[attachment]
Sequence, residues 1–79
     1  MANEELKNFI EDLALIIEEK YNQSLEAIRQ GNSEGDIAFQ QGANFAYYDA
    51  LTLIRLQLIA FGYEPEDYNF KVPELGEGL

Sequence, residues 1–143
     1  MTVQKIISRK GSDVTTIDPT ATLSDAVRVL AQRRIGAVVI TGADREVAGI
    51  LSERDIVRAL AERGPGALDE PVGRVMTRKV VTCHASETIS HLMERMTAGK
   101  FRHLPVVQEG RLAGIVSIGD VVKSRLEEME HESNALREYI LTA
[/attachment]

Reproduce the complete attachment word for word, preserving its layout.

Sequence, residues 1–79
     1  MANEELKNFI EDLALIIEEK YNQSLEAIRQ GNSEGDIAFQ QGANFAYYDA
    51  LTLIRLQLIA FGYEPEDYNF KVPELGEGL

Sequence, residues 1–143
     1  MTVQKIISRK GSDVTTIDPT ATLSDAVRVL AQRRIGAVVI TGADREVAGI
    51  LSERDIVRAL AERGPGALDE PVGRVMTRKV VTCHASETIS HLMERMTAGK
   101  FRHLPVVQEG RLAGIVSIGD VVKSRLEEME HESNALREYI LTA